Politics, Business & Culture in the Americas

10 Days of Mariachi

Reading Time: < 1 minuteMexico’s traditional music shows off its global appeal.
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Guadalajara Chamber of Commerce

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Mariachi music is a defining symbol of Mexican folk culture — but nowhere is it more tied to local traditions than in western Mexico’s Jalisco state. Considered to be the birthplace of mariachi, the state capital, Guadalajara, is an appropriate host for the International Mariachi and Charrería Festival. The annual festival, which will take place this year from August 26 to September 4, is expected to draw some 350,000 mariachi fans and performers from around the world.

The principal venue will be Guadalajara’s neoclassical Teatro Degollado, which turns 150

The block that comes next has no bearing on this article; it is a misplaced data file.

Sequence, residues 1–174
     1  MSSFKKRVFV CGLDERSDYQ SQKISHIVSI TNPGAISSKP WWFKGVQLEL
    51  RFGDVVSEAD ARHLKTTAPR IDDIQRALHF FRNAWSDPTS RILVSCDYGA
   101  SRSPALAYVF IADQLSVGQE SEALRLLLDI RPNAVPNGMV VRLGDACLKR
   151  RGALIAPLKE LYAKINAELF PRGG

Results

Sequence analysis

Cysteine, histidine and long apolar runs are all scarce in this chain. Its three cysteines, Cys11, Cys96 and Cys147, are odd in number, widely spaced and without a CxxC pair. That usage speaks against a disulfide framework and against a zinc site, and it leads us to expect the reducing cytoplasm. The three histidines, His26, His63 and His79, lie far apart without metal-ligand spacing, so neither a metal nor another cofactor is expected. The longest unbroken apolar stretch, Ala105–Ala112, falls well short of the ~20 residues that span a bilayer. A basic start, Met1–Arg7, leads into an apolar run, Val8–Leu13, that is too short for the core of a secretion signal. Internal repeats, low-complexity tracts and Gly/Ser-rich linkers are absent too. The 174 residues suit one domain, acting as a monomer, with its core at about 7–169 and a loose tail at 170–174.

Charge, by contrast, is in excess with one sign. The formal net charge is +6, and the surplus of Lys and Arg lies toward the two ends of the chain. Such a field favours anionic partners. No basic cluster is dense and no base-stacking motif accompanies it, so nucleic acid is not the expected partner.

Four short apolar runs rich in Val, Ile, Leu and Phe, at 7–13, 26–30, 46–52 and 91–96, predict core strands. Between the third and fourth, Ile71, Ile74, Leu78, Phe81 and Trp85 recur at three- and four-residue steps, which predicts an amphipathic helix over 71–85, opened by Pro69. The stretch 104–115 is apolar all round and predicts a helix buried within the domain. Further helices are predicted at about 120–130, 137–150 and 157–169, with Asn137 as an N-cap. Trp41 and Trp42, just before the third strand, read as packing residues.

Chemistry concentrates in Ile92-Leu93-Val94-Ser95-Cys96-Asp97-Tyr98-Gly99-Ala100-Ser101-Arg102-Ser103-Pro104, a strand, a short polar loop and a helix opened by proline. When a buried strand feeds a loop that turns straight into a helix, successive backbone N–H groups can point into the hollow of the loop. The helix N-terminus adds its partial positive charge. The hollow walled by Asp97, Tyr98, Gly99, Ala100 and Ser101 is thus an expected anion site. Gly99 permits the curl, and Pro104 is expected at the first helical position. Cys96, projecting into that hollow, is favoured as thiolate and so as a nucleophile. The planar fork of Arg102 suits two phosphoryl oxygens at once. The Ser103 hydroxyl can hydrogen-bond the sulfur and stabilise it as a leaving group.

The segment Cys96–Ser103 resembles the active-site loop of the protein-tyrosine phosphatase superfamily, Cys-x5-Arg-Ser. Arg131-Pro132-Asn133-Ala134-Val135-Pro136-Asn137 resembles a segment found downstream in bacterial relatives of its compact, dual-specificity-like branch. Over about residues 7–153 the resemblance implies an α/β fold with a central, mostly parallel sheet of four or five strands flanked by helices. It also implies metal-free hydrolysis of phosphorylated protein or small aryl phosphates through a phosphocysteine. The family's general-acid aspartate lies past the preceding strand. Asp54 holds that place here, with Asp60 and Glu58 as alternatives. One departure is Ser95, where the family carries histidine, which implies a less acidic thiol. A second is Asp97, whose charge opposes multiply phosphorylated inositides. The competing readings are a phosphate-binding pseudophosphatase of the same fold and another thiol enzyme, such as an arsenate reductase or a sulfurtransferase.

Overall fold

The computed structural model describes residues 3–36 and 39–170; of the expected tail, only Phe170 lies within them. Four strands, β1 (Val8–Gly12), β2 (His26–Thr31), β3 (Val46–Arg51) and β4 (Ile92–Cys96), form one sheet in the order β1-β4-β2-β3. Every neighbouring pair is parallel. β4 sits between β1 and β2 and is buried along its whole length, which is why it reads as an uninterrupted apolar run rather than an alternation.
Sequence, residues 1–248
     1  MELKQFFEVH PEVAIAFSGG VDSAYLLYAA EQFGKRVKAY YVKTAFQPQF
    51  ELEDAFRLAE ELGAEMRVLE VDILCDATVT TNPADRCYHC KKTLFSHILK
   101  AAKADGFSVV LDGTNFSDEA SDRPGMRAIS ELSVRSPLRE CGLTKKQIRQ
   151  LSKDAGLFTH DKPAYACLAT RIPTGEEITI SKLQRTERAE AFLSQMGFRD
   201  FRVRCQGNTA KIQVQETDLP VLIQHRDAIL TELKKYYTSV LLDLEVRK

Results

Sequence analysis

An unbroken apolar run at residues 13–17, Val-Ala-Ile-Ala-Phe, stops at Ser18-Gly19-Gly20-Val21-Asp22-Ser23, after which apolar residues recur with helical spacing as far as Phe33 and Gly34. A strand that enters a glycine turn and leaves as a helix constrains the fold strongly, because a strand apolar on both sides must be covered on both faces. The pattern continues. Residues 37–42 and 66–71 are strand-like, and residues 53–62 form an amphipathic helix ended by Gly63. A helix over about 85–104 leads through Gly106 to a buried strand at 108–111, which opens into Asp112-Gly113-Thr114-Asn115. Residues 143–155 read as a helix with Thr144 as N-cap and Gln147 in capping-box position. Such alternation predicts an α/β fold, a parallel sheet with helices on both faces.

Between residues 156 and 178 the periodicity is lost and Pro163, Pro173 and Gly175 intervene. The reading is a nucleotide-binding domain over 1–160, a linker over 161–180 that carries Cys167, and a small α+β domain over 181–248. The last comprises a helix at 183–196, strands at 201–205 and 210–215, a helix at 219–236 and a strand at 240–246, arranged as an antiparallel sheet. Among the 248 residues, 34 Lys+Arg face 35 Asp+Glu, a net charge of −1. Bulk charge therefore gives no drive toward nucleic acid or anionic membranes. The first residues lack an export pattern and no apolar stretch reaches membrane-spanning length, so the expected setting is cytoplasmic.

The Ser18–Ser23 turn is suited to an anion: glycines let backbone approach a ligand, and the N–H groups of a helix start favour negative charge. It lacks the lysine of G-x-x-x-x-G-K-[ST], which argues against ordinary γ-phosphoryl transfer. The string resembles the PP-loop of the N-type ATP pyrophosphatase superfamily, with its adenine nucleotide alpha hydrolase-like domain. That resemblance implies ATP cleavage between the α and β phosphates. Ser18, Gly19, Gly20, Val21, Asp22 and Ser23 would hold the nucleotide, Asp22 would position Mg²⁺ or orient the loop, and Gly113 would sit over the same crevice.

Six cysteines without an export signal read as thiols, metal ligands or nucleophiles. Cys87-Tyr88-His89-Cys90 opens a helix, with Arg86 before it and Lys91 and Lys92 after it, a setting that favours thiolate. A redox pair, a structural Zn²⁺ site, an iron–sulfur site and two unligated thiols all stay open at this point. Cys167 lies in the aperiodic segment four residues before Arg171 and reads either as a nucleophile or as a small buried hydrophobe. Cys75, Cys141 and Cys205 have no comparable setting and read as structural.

this year. Some of Mexico’s top mariachi bands, such as Mariachi Vargas de Tecalitlán, will perform, along with bands from more than a dozen countries, including Japan, Croatia, Cuba, Italy and Canada — a reflection of the music’s global appeal.

For the New York-based and Latin Grammy-nominated band Mariachi Flor de Toloache, performing at last year’s festival was 
a dream come true. “Free mariachi performances every day in a breathtaking city and the ability to connect with people from all over the world who share the same passion — how can you miss that?” said founder Mireya Ramos.

According to Carlos Mateos, director of special projects at the Guadalajara Chamber of Commerce, the international performers have “strengthened” the festival since it was launched in 1994.

If attendees need a break from the music, they can also enjoy the rodeo excitement of charrería, a tradition that developed alongside mariachi and features competitions inspired by traditional ranch culture, such as horse roping and bull riding. At the same time, they can celebrate another homegrown product that originated in Jalisco: The 10-day event will be sprinkled with tastings of tequila.


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Brendan O’Boyle is a former senior editor at Americas Quarterly.

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